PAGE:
[0073] The enterprise mobility technical architecture 500 may include an application store 578. The application store 578 may include unwrapped applications 580, pre-wrapped applications 582, and the like. Applications may be populated in the application store 578 from the application controller 574. The application store 578 may be accessed by the mobile device 502 through the access gateway 560, through the public Internet 548, or the like. The application store 578 may be provided with an intuitive and easy to use user interface.

[0074] A software development kit 584 may provide a user the capability to secure applications selected by the user by wrapping the application as described previously in this description. An application mat has been wrapped using the software development kit 584 may then be made available to the mobile device 502 by populating it in the application store 578 using the application controller 574.

[0075] The enterprise mobility technical architecture 500 may include a management and analytics capability 588. The management and analytics capability 588 may provide information related to how resources are used, how often resources are used, and the like. Resources may include devices, applications, data, and the like. How resources are used may include which devices download which applications, which applications access which data, and the like. How often resources are used may include how often an application has been downloaded, how many times a specific set of data has been accessed by an application, and the like. [0076] FIG. 6 is another illustrative enterprise mobility management system 600. Some of the components of the mobility management system 500 described above with reference to FIG. S have been omitted for the sake of simplicity. The architecture of the system 600 depicted in FIG. 6 is similar in many respects to the architecture of the system 500 described above with reference to FIG. 5 and may include additional features not mentioned above.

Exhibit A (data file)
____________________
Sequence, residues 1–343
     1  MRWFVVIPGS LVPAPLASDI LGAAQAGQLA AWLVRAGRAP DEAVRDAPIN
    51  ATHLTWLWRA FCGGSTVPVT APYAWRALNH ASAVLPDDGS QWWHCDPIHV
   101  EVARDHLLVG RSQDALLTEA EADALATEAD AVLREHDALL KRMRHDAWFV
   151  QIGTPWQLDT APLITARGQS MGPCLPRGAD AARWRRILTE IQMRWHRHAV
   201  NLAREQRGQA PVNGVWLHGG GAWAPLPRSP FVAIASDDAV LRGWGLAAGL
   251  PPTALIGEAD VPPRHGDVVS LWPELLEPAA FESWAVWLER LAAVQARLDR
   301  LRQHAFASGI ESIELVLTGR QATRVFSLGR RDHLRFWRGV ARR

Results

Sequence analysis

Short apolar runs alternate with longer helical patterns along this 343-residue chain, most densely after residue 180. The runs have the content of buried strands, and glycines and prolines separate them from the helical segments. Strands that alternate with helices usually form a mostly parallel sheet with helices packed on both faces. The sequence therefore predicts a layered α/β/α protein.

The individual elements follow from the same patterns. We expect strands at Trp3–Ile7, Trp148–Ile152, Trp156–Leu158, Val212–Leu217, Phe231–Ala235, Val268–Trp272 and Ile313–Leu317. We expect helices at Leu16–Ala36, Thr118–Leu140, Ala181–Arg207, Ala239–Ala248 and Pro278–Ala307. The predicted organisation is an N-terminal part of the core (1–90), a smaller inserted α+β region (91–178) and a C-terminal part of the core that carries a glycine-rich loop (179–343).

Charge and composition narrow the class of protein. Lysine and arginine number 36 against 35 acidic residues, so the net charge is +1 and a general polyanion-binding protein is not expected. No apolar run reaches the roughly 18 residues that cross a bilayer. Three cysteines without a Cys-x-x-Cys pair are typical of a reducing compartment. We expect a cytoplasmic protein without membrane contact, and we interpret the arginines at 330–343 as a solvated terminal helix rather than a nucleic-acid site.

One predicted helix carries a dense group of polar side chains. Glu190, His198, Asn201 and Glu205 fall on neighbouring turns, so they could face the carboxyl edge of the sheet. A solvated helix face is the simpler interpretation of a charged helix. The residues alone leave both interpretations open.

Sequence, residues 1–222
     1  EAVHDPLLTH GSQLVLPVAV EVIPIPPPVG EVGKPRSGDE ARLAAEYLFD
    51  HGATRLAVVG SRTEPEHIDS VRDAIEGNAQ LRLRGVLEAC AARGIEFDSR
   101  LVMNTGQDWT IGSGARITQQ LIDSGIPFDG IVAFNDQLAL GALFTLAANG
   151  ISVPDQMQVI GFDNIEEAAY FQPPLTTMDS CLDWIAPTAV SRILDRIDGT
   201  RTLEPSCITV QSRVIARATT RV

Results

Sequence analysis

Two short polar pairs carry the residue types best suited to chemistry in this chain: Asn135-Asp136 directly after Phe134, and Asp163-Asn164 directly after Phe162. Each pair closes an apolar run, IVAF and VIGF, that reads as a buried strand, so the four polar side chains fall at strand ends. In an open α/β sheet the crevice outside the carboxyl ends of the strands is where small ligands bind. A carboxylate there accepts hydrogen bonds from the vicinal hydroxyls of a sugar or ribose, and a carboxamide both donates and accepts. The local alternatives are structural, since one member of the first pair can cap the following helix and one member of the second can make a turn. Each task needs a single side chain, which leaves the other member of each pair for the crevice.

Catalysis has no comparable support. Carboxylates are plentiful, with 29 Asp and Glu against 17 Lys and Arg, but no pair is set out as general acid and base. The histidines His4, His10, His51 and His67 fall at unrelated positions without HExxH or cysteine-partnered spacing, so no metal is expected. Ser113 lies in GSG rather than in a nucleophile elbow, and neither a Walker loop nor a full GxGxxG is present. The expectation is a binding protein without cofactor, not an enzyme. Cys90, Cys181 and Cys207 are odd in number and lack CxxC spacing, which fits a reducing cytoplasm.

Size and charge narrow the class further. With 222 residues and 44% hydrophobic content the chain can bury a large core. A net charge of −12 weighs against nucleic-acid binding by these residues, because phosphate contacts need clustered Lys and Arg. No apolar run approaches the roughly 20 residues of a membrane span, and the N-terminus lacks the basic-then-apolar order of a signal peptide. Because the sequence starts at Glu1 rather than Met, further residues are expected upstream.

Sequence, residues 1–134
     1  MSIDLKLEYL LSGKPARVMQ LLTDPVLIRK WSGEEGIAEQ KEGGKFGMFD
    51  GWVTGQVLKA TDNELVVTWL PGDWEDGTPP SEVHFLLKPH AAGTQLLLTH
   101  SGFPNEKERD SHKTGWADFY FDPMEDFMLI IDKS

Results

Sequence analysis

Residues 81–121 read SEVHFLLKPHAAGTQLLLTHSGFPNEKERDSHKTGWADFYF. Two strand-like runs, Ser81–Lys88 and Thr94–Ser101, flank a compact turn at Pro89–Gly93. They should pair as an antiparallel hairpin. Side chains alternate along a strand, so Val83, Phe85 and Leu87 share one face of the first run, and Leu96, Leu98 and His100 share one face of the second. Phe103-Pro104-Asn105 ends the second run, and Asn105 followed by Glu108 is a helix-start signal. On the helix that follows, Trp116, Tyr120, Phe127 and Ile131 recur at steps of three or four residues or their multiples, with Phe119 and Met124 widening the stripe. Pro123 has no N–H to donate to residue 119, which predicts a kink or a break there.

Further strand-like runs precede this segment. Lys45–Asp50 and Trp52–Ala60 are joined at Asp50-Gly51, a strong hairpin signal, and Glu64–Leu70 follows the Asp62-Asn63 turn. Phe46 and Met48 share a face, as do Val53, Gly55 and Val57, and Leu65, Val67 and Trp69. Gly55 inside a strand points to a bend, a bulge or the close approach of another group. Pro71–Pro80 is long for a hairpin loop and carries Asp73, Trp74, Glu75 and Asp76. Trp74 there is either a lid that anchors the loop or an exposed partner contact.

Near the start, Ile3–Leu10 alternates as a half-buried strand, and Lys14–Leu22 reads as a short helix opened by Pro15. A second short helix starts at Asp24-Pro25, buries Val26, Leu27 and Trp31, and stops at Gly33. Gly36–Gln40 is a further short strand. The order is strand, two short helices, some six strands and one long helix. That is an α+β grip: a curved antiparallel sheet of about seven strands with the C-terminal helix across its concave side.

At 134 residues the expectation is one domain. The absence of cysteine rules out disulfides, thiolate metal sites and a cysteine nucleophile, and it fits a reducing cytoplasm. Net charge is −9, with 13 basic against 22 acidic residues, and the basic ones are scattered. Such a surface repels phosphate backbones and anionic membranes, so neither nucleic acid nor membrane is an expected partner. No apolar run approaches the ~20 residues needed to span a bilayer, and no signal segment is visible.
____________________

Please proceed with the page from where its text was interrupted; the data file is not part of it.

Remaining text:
[0077] In this case, the left hand side represents an enrolled mobile device 602 with a client agent 604, which interacts with gateway server 606 (which includes Access Gateway and application controller functionality) to access various enterprise resources 608 and services 609 such as Exchange, SharePoint, public-key infrastructure (PKI) Resources, Kerberos Resources, Certificate Issuance service, as shown on the right hand side above. Although not specifically shown, the mobile device 602 may also interact with an enterprise application store (StoreFront) for the selection and downloading of applications.